Revolut, the online banking company, has completed its $500 million funding round, which boosted its valuation to $6 billion. The valuation has tripled since its previous fundraise.
According to filings, the firm has raised $500 million by the sale of new shares. It is also expected to have raised $1 billion in extra debt. Interestingly, its valuation is now a fifth of the Royal Bank of Scotland, a leading name of the banking industry. The company has also moved way ahead of its rival Monzo, which is valued at only $2.5 billion.
The loss-making enterprise has 10 million customers. It offers physical and virtual Revolut card for retail customers and has a Revolut for Business service, which allows businesses to accept both domestic and international payments quickly and safely. The last time it raised cash was two years ago when the company was valued at just $1.7 billion. The company has remained a darling of investors since then.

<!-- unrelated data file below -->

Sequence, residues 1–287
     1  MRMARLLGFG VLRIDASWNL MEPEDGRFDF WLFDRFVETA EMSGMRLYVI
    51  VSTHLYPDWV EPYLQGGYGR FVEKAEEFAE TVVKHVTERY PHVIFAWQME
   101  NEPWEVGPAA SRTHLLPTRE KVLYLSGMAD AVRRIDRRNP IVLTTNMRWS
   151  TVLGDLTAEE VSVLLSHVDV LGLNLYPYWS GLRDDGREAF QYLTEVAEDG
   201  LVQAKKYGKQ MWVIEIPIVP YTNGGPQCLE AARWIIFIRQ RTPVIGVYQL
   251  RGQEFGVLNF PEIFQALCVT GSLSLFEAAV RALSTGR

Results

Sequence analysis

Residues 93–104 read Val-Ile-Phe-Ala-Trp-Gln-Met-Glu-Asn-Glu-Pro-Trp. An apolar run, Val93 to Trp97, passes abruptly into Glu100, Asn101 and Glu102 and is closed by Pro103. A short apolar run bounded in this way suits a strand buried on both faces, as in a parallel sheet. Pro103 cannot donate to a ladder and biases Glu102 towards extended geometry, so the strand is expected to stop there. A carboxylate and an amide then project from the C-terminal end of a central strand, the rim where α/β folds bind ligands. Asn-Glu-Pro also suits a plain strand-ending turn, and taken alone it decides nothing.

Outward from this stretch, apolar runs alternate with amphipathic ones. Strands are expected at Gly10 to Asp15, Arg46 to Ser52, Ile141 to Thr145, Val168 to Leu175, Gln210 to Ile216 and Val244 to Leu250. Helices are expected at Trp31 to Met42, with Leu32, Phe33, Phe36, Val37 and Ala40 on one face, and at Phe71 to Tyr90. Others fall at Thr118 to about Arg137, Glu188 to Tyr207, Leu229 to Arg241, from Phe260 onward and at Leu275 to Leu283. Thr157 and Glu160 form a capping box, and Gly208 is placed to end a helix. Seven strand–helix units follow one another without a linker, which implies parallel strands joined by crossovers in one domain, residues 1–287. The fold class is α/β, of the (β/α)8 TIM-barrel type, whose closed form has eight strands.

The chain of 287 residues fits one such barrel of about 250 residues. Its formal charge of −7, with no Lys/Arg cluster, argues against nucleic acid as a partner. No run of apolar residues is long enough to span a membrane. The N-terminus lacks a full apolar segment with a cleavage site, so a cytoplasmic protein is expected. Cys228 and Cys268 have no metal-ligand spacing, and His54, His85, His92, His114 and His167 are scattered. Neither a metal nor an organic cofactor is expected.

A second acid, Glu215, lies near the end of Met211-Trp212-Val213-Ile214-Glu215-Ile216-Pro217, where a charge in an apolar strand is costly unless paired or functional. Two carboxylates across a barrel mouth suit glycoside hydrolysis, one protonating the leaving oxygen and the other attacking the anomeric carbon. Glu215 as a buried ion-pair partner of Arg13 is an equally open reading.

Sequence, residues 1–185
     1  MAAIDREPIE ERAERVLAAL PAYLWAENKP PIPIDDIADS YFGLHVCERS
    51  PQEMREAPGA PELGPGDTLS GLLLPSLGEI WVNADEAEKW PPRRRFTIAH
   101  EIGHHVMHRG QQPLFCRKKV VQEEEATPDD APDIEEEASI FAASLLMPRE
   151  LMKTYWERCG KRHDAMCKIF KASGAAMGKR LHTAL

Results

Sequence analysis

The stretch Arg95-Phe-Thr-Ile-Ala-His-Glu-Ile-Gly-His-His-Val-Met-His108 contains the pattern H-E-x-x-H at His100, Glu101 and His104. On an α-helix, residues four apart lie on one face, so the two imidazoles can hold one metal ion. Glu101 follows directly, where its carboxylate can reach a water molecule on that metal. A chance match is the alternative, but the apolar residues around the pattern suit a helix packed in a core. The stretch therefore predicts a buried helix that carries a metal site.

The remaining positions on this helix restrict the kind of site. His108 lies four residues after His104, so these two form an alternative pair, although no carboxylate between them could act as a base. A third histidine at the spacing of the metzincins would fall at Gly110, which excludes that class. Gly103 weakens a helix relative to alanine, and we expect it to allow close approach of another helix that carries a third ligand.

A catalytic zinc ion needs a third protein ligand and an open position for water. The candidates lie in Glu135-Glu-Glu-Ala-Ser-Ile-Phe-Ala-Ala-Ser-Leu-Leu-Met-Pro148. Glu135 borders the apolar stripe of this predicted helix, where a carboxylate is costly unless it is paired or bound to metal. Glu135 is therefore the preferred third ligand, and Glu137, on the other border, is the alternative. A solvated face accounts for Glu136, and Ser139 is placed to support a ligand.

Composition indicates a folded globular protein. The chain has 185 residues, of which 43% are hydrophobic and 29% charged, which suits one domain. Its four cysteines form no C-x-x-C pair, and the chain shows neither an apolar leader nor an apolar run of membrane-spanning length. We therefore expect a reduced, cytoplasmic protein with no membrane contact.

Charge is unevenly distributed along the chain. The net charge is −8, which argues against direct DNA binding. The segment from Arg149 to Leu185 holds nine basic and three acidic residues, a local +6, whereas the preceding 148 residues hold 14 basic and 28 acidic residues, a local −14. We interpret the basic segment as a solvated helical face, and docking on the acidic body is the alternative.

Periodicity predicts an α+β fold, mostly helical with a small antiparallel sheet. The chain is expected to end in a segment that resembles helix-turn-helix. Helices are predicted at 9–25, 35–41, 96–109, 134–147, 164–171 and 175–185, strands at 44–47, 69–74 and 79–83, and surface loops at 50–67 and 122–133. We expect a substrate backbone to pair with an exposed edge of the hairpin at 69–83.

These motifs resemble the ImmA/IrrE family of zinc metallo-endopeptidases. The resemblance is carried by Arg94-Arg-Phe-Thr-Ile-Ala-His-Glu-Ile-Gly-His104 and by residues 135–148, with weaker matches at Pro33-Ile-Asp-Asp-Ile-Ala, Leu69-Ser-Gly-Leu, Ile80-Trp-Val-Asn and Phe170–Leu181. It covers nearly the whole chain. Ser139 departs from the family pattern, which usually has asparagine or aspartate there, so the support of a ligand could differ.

Who participated in the fundraising?
Sources suggest that Silicon Valley-based fund Technology Crossover Ventures led the latest fundraising round. It is an investor in Airbnb and Spotify as well. The fund is expected to have contributed $150 million during the fundraise, marking the first time that it has invested in Revolut.
Bond Capital, a growth fund by VC industry veteran Mary Meeker has also invested in the company. Pitchbook database also suggests that Ribbit Capital, which is an existing investor in the company, also participated in the round. Rumors about the fundraising have been going on for at least two years now.
One of the most prominent investors interested in the venture was SoftBank. Interestingly, Softbank accounted for 25% of the UK’s 2019 fintech investment. The troubled investors who received a major shock last year after WeWork IPO failed aren’t currently discussing an investment. There was news about SoftBank talking with Monzo instead.
Revolut, however, noted that it wouldn’t comment on speculations yet. Formal announcements of the results could be made by next week. The company’s COO Richard Davies said last month that if the company invested less in growth, it could become profitable very soon.